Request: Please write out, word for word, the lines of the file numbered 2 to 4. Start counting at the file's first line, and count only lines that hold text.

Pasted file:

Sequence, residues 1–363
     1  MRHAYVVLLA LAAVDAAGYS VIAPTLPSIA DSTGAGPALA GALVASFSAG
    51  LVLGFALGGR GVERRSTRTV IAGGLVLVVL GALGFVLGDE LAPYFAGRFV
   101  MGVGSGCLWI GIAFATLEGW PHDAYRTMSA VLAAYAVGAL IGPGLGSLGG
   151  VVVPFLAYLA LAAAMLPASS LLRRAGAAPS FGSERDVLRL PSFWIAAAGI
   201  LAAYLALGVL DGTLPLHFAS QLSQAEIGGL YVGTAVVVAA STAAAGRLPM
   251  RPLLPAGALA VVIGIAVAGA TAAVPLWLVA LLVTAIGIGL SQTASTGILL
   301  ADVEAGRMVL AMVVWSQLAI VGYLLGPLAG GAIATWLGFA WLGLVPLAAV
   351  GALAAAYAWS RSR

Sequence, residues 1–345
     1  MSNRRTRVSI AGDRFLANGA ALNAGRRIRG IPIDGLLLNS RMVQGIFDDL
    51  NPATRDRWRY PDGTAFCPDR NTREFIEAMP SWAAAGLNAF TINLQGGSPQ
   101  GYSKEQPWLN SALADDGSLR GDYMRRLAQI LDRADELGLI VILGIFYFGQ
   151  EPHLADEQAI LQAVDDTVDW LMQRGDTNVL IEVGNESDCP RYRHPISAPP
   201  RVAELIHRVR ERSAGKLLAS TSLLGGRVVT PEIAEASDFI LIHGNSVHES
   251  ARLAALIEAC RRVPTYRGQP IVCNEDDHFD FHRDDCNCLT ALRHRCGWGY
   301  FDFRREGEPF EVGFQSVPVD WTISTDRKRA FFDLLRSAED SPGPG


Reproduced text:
     1  MRHAYVVLLA LAAVDAAGYS VIAPTLPSIA DSTGAGPALA GALVASFSAG
    51  LVLGFALGGR GVERRSTRTV IAGGLVLVVL GALGFVLGDE LAPYFAGRFV
   101  MGVGSGCLWI GIAFATLEGW PHDAYRTMSA VLAAYAVGAL IGPGLGSLGG